Harden's survey result
For 25 years we've been curating reviews of the UK's most notable restaurant. This year diners have submitted over 60,000 reviews to create the most authoritative restaurant guide in the UK.
“It looks basic, but that’s because every single dish speaks for itself, or should that be SHOUTS!” – the accepted view on this engaging, if slightly “bleak” Spitalfields canteen – “younger sibling to the Smithfield veteran”, whose “lip smacking” menu of offal-centric British “delights” has long made it “a real favourite”. Several meals this year however “didn’t live up to its reputation”, and ratings have dipped as a result.
This “stark (very St John)” white-walled canteen near Spitalfields is arguably “reminiscent of a public convenience”, but it’s “always a treat to go there”. The often “wacky” and offal-centric British dishes are “exceptional” – “mouth-wateringly good” – and “they always seem to have a wine that you’ve never tried before, and it’s always first class”. Top Tip – breakfast comprises “bacon sandwich heaven”.
“The finest bacon butties in the universe” are but one highlight of the “otherworldly” small plates (majoring in “offal-y wonders”) served at this marvellously “vibrant” (if “noisy”) Shoreditch canteen; “service can be prickly, but hey ho”.
“A new and fantastic experience every time”; with its menu of “quirky” small-plate dishes (usually meaty) and “cheapish and unusual wines”, this “noisy” Shoreditch canteen is “always a joy”; indeed, the survey rates it more highly than its fabled Smithfield parent.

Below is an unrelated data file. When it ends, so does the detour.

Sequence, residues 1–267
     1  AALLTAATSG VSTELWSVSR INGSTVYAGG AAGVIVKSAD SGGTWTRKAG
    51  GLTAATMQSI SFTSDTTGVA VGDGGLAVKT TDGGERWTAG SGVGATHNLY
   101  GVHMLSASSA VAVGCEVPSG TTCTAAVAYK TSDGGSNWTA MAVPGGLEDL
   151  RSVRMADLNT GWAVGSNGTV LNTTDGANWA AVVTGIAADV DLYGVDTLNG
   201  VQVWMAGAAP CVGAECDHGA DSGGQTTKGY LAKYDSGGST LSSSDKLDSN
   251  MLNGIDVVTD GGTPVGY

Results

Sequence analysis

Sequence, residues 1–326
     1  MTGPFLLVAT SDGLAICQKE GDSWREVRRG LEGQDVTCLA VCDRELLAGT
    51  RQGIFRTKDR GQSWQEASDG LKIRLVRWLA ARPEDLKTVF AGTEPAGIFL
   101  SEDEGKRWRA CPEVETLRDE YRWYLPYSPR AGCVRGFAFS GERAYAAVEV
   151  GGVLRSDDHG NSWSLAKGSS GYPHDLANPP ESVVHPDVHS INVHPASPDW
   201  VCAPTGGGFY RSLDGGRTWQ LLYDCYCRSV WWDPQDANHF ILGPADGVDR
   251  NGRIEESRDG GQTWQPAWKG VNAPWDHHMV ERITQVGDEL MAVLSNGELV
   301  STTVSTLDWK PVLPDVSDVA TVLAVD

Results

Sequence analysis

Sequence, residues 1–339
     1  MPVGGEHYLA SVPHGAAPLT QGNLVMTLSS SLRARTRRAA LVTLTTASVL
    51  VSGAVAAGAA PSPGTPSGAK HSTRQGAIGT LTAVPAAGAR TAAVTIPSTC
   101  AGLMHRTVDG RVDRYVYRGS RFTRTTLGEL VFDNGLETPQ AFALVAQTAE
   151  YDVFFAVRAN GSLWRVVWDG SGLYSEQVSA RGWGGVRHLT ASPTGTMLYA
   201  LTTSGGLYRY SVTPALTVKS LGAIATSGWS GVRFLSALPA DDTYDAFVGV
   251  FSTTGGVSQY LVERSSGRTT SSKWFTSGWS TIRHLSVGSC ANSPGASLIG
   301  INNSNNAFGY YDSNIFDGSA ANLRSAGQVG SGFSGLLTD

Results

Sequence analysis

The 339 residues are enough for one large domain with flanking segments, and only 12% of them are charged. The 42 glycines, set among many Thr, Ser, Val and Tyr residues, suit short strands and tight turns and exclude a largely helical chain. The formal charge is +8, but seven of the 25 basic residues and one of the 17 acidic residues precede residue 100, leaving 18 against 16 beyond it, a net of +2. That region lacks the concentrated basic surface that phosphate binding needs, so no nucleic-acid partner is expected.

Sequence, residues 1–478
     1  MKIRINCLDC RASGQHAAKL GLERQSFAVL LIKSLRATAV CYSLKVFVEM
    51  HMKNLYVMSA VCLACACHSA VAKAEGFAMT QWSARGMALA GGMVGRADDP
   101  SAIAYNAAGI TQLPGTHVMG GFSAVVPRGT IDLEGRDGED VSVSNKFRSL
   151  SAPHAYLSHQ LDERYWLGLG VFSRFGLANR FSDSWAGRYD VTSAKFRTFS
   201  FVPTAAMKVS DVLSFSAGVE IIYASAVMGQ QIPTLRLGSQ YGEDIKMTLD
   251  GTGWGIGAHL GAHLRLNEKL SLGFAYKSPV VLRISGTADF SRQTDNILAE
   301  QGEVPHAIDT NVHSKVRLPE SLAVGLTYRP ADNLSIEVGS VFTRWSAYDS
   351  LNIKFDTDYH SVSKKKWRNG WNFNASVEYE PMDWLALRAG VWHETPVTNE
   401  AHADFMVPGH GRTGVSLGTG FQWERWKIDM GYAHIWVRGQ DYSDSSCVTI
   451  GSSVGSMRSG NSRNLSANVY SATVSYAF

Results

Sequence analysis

St John Bread & Wine Restaurant Diner Reviews
"The food is very good but sometimes the menu can be overly "querky""
"I'm told we have St John to thank (?!) for the current mania for sharing plates. However, a lot of the food is just too good to share! Excellent ingredients, well paired and well treated."
St John Bread & Wine E1
One of the London's odder facets is the dearth of restaurants specialising in traditional British scoff. You're more likely to get risotto in your classic central London pub nowadays than steak & oyster pie.
Two years ago, St John - one of the few places serving exciting and genuine British food - launched this spin-off establishment, east of ever-more chichi Spitalfields Market. Five minutes' walk from Liverpool Street, it offers some of the best food easily accessible from the Square Mile.
As at the Spartan Farringdon original, the room couldn't be more functional: a white-walled square, with bare tables and a kitchen at the back. Staff wear white. It all seems reassuringly no-nonsense and professional.
"Challenging" is how St John's food is often described: a reflection on how alien dishes using offal seem to some people nowadays. "Chitterlings & Mustard", for example - seared pigs intestines snaking around the plate, brought 'The Quatermass Experiment' to mind. Delicious, though. And the enjoyably blunt menu (descriptions seldom exceed four words) offers numerous vegetarian and fish choices, so you really don't have to 'do that to yourself' if you don't want to.
The 'Bread & Wine' of the restaurant's name are available to take-away. Given the difficulty of finding 'artisan' bread in London, the former is particularly worth knowing (and for no more that a nice loaf from Waitrose). There is an interesting and eclectic choice of wine - I drank a good dry, fruity white from Irouleguy in the Basque Country.
There's something about the timeless, refectory-style of the room, the honest food and the professional, no-nonsense service that feel set to endure. Perhaps in 100 years' time, when the proverbial tourist wants to visit a quaint, traditionally British institution, this will be just the place.
94-96 Commercial St, London, E1 6LZ
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lunch noon - 4 pm, dinner 6 pm - 11 pm
Last orders: 10.30 pm, Mon 8 pm